Parlor Skis Are Built for Speed
On the steepest slopes from Vermont to Colorado, a pair of handbuilt custom skis is the ultimate accessory. Built to a skier’s unique style, they can seriously up your game. And some of the best around are made in a low-slung industrial building workshop in East Boston, within earshot of Logan Airport.
A dog named Mason greets you at the door of the shop, along with the scent of fresh-cut wood. Inside, you’ll find former Williams College ski racers Mark Wallace, Jason Epstein, and Pete Endres tweaking CAD files or precisely sanding a deck. When they’re not hitting powder, that is.
After the trio graduated in 2004, Wallace became a semiprofessional skier, while his friends got real jobs. They kept in touch. All three were tinkerers, and when Wallace left the circuit in 2007, they started experimenting with ski construction in the basement of a Cambridge funeral parlor owned by Epstein’s cousin. One night over beers, they decided to make it a business. Today, Parlor Skis—named after their first workshop—is Boston’s only custom-ski shop.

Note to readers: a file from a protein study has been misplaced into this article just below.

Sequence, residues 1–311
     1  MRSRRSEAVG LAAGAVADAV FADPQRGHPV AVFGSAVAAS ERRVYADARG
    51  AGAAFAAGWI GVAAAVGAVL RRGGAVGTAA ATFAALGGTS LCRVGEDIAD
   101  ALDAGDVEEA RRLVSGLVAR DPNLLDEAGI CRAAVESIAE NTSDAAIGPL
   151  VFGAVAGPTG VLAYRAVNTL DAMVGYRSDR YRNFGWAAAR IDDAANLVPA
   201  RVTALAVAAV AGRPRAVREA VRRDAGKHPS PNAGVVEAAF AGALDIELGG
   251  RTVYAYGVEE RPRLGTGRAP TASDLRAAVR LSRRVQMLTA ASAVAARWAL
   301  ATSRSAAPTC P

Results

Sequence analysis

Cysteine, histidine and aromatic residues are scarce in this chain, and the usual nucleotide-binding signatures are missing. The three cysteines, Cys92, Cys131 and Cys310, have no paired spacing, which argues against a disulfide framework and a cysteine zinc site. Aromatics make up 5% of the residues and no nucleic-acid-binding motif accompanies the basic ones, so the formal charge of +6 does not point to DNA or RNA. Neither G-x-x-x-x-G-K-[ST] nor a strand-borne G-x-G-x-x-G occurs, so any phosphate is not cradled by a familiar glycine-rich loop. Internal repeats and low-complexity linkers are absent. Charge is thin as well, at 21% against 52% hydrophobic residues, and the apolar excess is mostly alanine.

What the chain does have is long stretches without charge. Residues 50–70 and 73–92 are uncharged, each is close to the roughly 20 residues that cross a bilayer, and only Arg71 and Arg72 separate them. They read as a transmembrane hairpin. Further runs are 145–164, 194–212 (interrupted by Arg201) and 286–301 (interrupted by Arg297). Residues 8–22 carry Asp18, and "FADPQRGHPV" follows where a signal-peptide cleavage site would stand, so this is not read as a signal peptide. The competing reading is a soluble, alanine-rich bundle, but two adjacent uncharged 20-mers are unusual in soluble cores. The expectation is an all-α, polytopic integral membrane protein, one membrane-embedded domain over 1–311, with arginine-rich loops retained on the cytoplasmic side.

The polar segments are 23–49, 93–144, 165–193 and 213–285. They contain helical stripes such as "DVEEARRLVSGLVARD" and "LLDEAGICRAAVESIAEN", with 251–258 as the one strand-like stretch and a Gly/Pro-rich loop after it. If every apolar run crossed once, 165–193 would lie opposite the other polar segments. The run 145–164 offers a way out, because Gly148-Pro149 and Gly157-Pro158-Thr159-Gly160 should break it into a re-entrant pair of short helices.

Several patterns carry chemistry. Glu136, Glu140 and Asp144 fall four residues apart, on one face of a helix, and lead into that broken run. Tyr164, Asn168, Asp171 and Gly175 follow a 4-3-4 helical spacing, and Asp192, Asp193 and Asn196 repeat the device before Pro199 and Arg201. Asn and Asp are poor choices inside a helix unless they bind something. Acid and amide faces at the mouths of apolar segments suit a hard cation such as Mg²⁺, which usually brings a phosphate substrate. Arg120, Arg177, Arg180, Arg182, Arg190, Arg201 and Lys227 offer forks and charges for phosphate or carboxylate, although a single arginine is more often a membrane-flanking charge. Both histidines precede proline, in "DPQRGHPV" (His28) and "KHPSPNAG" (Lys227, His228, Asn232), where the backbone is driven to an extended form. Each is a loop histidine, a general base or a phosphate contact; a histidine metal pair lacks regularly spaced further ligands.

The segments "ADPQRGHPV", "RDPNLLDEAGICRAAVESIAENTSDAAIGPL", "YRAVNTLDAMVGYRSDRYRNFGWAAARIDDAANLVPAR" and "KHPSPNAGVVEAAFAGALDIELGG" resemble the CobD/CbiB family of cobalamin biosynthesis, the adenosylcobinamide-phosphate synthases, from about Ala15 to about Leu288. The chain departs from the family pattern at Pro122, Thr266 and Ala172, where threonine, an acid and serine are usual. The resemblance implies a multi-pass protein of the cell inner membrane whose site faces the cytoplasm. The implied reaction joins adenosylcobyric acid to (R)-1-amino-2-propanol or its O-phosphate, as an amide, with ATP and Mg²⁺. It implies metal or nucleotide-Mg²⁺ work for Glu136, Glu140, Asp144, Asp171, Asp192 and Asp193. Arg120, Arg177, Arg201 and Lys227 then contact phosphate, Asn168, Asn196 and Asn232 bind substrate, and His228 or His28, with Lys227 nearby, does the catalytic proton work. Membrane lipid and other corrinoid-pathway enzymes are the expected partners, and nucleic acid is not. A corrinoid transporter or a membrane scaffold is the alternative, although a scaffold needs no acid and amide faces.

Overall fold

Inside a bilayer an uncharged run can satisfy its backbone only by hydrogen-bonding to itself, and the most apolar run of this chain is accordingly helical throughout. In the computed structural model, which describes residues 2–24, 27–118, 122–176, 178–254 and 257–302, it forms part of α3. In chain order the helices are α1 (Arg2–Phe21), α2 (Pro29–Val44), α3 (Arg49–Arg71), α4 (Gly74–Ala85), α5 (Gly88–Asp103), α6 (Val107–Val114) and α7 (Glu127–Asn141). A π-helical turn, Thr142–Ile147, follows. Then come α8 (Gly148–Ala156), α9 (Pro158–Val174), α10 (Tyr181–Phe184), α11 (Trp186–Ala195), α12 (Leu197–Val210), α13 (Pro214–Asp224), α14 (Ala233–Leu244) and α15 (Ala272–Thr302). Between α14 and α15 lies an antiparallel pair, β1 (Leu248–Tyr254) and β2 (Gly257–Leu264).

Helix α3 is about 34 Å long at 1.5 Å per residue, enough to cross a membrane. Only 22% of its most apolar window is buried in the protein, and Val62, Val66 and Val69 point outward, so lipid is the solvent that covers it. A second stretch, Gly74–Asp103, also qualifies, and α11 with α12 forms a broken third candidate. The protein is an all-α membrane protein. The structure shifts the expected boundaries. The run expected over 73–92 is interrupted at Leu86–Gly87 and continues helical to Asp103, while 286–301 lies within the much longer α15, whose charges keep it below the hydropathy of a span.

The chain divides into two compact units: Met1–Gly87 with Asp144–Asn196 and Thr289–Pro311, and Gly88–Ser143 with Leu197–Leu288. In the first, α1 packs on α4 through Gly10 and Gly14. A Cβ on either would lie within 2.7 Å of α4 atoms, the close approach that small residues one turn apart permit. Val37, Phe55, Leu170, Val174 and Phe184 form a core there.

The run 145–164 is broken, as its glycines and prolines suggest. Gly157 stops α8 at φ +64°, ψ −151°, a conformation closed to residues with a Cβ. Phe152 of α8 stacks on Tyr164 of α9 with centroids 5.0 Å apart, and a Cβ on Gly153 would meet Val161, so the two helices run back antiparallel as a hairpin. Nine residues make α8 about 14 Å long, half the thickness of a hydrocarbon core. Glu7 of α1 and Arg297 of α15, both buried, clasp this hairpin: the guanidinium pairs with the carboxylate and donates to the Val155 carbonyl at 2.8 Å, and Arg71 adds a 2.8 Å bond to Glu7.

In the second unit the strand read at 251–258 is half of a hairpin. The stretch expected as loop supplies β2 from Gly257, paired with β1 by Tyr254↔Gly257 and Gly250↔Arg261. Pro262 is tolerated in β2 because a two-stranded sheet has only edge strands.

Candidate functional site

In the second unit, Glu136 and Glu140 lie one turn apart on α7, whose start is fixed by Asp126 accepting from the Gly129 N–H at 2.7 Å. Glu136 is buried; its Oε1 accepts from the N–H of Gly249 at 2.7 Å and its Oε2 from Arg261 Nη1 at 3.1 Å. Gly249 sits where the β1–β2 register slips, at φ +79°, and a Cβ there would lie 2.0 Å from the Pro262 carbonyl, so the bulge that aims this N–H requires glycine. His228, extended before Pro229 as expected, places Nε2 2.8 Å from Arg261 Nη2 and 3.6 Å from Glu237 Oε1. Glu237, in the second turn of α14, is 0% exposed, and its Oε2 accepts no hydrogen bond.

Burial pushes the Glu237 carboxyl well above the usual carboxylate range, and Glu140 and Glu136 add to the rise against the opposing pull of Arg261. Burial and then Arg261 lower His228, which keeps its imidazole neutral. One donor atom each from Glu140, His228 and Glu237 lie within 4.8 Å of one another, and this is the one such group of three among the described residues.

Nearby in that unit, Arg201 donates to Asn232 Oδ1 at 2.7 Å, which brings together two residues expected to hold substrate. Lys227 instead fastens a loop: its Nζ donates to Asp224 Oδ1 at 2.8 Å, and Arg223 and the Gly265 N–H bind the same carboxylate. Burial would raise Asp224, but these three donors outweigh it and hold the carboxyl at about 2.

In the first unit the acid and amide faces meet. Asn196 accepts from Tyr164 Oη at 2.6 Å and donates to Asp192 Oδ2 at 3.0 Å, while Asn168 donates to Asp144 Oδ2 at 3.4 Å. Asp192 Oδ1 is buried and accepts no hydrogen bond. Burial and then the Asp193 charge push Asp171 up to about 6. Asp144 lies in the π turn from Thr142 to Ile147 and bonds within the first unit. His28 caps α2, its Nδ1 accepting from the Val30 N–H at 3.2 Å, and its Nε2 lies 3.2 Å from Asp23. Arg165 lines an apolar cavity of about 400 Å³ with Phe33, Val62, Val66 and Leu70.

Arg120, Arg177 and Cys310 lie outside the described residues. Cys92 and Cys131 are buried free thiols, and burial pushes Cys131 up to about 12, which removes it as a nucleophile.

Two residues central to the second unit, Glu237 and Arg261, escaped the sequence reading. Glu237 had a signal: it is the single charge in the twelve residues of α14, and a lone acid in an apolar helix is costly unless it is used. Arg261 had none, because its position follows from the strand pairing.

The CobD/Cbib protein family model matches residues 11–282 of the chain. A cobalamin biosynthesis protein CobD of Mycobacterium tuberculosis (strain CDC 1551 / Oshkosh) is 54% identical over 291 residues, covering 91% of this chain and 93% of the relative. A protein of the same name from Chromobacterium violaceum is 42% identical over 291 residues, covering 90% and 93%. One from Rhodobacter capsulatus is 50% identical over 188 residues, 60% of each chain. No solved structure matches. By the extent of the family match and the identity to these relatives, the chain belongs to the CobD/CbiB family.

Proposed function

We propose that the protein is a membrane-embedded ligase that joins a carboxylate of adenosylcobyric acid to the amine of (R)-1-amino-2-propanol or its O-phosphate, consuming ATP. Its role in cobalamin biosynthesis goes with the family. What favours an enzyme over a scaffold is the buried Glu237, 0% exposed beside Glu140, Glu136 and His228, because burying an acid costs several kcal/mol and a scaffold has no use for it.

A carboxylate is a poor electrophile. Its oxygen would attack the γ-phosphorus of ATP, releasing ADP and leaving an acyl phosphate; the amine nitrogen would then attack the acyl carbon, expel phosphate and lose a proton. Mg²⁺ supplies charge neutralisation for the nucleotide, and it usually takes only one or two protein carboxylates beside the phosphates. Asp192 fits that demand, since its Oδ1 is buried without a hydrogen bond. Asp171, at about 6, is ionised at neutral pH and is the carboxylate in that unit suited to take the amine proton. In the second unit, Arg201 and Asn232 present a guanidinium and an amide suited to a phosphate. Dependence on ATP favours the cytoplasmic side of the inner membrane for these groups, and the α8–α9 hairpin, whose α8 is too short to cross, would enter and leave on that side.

The company’s skis are made by hand from a composite wood from Washington State, vertically laminated to improve flexibility. “We didn’t reinvent the wheel,” Wallace says. “They’ve been building skis like this since 1950.” The trick, he says, is in “what materials you use and how you put them together. That’s what makes it pop; that’s where the magic is.” It takes Wallace and his team approximately 8 to 10 hours to make a pair of skis, and demand is so high right now that the turnaround time is three weeks.
Their customers aren’t just serious skiers—weekend enthusiasts frequent the shop as well. “People think, Oh, custom skis, you gotta be really, really good. But the majority of our customers want something that is personalized. They want to connect with a product, and they want something that is going to work. We guarantee our fits,” Wallace says.
The business partners regularly demo their skis at regional resorts. But you’re also likely to spot them flying down the slopes themselves. “It’s rare that somebody says, ‘My favorite run is X’ and we haven’t skied on it,” Wallace says.
Skis start at $950, Parlor Skis, 175 William F. McClellan Highway, East Boston, 413-884-4747, parlorskis.com.